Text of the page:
Yeast redux

No baker’s arsenal is complete without a rising agent than in the subsequent dry forms.

Chocolate chip cake. (photo credit: TNS)
Chocolate chip cake.
(photo credit: TNS)
The more recent instant dry yeast is intrinsically the same as fresh yeast, except that the yeast has been further dehydrated and encapsulated in a layer of dead yeast cells and some growth medium, which allows the living, encapsulated cells to remain viable. These are generally vacuum packed to remove any air. The resulting effect is viable yeast with a much extended shelf life but with fewer viable cells than fresh yeast. Instant dry yeast usually contains an emulsifying agent such as sorbitan monostearate, which allows it to mix easily in the dough.
We also find specialized forms of yeast, like osmotolerant yeast, which tolerates high percentages of sugar in the dough.
Another type of specialty yeast is rapid-rise yeast that provides an increased fermentation rate. There are other specialty yeasts such as yeast used for frozen dough, etc.
The primary difference between baker’s yeast (in any of its forms) and sourdough yeast is the speed of fermentation. Since baker’s yeast is highly concentrated and contains a specific strain that has been found to optimally ferment bread dough, the rising time is much quicker than sourdough, typically five or six times faster. In this lies both the advantage and disadvantage of baker’s yeast.
The accelerated rising time is a boon both for home and especially for commercial bakers, allowing them to manufacture more bread in a shorter time. Another advantage is that due to the relatively short fermentation process, the bread does not taste sour (as with sourdough yeast). This is beneficial for any baked product where sourness is a liability, such as croissants, yeast cakes, most types of halla, etc.
The flip side, the disadvantage of baker’s yeast, is that the yeast itself provides little or no flavor to the bread. This is most noticeable in whole-grain, hearty loaves such as rye bread, where the sour taste is essential to the flavor. For this type of bread, sourdough is preferred.
Which type of baker’s yeast is best? Some people will use nothing but fresh yeast, steadfastly claiming that it performs better. Others prefer the flexibility and extended shelf life of instant dry yeast. In my experience, both these types perform equally well and the differences are almost unnoticeable, as long as both are still viable.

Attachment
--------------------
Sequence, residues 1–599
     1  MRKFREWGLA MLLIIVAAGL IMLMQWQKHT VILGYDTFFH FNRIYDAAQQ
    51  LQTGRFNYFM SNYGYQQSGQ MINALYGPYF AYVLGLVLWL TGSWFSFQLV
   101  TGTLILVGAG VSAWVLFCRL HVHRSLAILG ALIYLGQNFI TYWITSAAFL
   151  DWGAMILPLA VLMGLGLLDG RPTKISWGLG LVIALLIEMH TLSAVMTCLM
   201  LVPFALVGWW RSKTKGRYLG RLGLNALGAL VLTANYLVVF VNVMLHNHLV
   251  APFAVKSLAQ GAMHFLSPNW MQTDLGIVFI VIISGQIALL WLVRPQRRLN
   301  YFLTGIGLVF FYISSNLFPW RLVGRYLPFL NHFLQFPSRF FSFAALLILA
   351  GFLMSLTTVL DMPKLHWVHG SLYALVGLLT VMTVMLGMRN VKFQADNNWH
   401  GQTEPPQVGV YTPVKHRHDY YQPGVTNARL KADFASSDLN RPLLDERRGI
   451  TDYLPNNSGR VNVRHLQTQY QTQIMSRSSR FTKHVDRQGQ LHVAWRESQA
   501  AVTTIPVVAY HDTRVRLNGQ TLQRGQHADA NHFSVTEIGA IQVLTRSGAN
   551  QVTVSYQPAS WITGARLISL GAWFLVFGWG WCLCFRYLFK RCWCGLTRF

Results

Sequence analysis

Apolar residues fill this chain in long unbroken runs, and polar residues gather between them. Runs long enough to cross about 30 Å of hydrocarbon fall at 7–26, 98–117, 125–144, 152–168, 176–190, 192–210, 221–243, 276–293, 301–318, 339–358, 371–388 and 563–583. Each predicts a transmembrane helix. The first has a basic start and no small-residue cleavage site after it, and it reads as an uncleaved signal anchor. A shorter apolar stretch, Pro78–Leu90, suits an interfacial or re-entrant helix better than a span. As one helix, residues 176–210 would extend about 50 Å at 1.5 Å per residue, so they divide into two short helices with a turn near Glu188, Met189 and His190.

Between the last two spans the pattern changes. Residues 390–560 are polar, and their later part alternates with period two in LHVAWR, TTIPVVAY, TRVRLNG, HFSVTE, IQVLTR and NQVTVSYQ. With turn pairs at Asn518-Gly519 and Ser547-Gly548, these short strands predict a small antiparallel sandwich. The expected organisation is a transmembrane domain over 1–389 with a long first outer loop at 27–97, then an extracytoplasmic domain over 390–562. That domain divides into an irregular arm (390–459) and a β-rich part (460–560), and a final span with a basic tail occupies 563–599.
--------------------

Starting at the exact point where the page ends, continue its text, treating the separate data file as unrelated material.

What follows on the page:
To test the viability of both fresh and dried yeast, simply mix the yeast with some water and sugar. If froth forms after a few minutes, the yeast is viable. If not, it must be discarded.
Viable yeast may be added directly to the dough ingredients. The reason many bread recipes instruct to mix the yeast first with water and either sugar or some flour is not because the yeast performs better when it is premixed in this way but simply to check its viability.
Finally, a few health considerations.
Some people are allergic to baker’s yeast – i.e., to the specific strain of Sacchararomyces cerevisiae. Others may be allergic to the rehydrating agent in instant yeast, sorbitan monostearate. In either of these cases, dietitians recommend using sourdough yeast instead of baker’s yeast.
Another point: Baker’s yeast is not the same as brewer’s yeast. Many people use brewer’s yeast as a food supplement as a source of B-complex vitamins. Baker’s yeast cannot be used for this purpose.
Baker’s yeast is undeniably an essential tool for the baker when used in the right context and for the right purpose.
✔ 2 cups flour
✔ ½ cup milk (soy/rice milk for parve)
✔ ¼ cup sugar
✔ 1 pinch of salt
✔ 1½ tsp. instant dried yeast
✔ 1 egg
✔ 50 gr. butter (margarine for parve)
Mix all ingredients and knead for 10 minutes. Leave to rise for 1 hour. Punch down and roll into flat rectangular shape, approximately the length of a loaf pan.
Sprinkle chocolate chips over the surface of the dough and roll up like a jellyroll. Pinch ends and place in a greased loaf pan. Leave to rise for 45 minutes. Baste with egg wash.
Bake for 35 to 45 minutes at 180° until well browned. Let cool and serve.
Master baker Les Saidel is CEO of the Saidel Artisan Baking Institute (, which specializes in training and education in the field of organic, healthy, artisan baking and the inventor of Rambam Bread. He also lectures and works as a consultant in the fields of cereal chemistry, health and nutrition.